Digital transformation is, in part, driven by the need for enterprises to deliver better customer experiences, meet new-gen expectations and, for some businesses, remain competitive (and survive).
However, shifting from physical to online engagement was yesterday’s challenge. Today’s mandate is to create compelling opportunities and competitive differentiation and to do so by providing customers with actionable insight. Similar to businesses, customers want–or in some cases, demand—the information needed to make real-time, informed decisions.
In the same way analytics delivers actionable insight to the business, it must now also deliver actionable insight to the customer—directly or indirectly.
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For users—whether they are end users of a shopping site, customer support engineers using a ticketing system or business analysts looking for insights to drive the company forward—one thing remains the same: They want greater access to data than ever before. This has big implications for the future of database technology.
By the minute, companies are collecting large amounts of data, and a management system is crucial to retrieving, updating and generally managing all data relevant to a business’s daily operations.
With such large amounts of data being presented, moved and changed every day, there comes a new set of challenges for companies around the globe to ensure that the data is converted into valuable, actionable insight. To keep up, users must be able to interact with data on a higher level of efficiency, flexibility and accessibility.
In this eWEEK Data Points article, Shane Johnson, senior director of product marketing at Redwood City, Calif.-based MariaDB Corp., outlines user expectations for data access and what that means for the future of database technology.
Data Point No. 1: Customer insight
In the first phase of digital transformation, customer experience was defined by simplicity and efficiency; for example, ensuring that customers can find a product and purchase it as fast as possible. The second phase will be defined by opportunity and insight. In this case, informing customers that a product they’ve viewed before will be sold out within hours because of a variety of moving parts—including how many are being added to shopping carts—impacts the frequency with which they are being purchased and current inventory levels.
Data Point No. 2: Data exploration
Software-as-a-service (SaaS) businesses often provide transactional services: advertising, communication, payment processing, customer relationship management and others. However, because their customers are data-driven businesses themselves, basic reporting (e.g., monthly usage statement) is no longer enough. SaaS businesses must now provide their customers with a way to perform ad hoc, interactive analytics on the underlying data. These analytics, for example, can identify spikes and patterns in usage.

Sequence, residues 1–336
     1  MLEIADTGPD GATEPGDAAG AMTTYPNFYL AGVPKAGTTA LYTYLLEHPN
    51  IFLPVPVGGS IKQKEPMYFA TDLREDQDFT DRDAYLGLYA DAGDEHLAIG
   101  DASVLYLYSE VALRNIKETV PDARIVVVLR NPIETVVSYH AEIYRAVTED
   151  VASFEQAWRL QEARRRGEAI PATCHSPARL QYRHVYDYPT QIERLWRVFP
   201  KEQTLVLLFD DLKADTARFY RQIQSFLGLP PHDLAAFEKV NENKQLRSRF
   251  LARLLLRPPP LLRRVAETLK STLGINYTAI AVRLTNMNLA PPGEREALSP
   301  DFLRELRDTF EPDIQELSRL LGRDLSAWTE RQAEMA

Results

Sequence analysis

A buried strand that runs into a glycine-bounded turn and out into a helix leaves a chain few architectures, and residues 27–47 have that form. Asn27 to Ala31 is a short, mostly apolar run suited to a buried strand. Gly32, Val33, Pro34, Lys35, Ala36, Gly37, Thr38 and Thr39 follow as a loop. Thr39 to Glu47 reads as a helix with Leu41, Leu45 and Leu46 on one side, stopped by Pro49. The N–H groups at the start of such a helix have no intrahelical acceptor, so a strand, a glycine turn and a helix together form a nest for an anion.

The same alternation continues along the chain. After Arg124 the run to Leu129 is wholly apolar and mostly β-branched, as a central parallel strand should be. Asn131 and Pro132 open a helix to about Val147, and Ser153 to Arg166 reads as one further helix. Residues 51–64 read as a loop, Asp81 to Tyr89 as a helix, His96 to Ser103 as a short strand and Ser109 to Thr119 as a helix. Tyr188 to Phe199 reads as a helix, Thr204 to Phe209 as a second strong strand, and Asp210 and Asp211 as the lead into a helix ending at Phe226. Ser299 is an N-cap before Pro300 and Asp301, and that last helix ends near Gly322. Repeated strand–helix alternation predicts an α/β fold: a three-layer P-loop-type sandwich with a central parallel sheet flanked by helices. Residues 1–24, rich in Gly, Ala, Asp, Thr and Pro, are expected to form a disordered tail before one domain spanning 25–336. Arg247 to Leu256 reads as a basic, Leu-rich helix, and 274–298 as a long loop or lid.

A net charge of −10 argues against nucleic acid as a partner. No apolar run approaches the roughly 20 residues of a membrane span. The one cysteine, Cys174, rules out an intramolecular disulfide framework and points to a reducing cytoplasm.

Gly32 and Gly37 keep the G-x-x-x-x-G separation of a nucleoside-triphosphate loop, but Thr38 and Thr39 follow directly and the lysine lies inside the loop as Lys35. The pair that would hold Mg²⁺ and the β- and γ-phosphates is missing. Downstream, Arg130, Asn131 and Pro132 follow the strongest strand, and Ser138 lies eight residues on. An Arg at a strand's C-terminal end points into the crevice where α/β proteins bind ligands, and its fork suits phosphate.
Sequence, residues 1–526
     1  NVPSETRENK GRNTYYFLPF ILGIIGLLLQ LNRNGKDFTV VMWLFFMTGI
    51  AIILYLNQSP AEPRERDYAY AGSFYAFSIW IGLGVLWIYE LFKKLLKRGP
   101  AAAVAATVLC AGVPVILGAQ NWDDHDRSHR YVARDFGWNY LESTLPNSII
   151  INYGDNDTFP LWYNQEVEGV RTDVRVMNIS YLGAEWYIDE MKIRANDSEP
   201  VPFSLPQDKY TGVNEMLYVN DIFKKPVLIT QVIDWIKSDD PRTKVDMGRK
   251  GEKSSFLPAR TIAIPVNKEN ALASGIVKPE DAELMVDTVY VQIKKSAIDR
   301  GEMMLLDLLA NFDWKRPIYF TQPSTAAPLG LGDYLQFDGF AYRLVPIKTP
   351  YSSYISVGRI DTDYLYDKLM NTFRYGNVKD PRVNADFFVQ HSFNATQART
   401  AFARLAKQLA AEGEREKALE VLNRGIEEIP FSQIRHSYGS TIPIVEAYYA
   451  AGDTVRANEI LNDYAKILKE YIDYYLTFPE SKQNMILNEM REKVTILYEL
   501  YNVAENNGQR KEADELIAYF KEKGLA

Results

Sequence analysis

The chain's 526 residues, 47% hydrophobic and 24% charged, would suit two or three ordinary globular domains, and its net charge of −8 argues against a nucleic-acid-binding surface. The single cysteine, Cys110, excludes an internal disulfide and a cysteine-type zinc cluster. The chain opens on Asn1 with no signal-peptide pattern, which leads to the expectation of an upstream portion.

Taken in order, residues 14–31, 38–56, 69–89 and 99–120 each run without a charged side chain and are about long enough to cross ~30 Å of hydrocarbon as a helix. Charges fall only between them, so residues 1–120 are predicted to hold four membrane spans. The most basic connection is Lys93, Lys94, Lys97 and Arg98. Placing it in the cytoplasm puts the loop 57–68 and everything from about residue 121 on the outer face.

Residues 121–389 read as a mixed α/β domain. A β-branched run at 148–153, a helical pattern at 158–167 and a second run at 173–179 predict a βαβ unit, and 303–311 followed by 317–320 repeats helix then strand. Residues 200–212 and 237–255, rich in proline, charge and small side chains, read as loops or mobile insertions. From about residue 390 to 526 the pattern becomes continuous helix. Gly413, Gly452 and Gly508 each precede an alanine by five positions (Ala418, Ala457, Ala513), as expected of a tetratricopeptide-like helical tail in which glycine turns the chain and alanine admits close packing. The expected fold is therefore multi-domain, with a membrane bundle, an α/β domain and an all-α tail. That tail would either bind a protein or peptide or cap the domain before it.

Data Point No. 3: Historical data
In practice, current data is often enough for online transaction processing (e.g., purchasing a product online or checking the current balance of your checking account). Current data is typically from the last 30 days or the last year. However, to meet the growing demands of data-driven businesses and opportunistic customers, organizations have to retain historical data for years and use it to either create actionable insight for their customers or, in the case of SaaS businesses, make the data itself available via full, self-service analytics.
Data Point No. 4: Hybrid applications
Until recently, most customer-facing applications and services were built on top of transactional databases. After all, they’re used for online transaction processing. However, as these applications incorporate greater analytical capabilities in order to improve the customer experience and meet rising expectations, they’ll begin creating hybrid workloads with analytical requirements that exceed what traditional transactional databases are capable of. As a result, they’ll turn to hybrid transactional/analytical databases to unlock greater analytical capabilities while at the same time continuing to meet transactional performance expectations.
Data Point No. 5: What does this mean for database technology?
Considering all the expectations listed above, one thing is certain: Modern applications need a different approach when it comes to a database. So, how do you attack these requirements without investing in a big system that has separate ETL and data-transformation processes? To keep up with today’s explosion of data and needs for agile management, the way forward is with a database that unites transactions and analytics. For databases, specifically, look for a relational database that can scale and support both transactional and near real-time analytical workloads.
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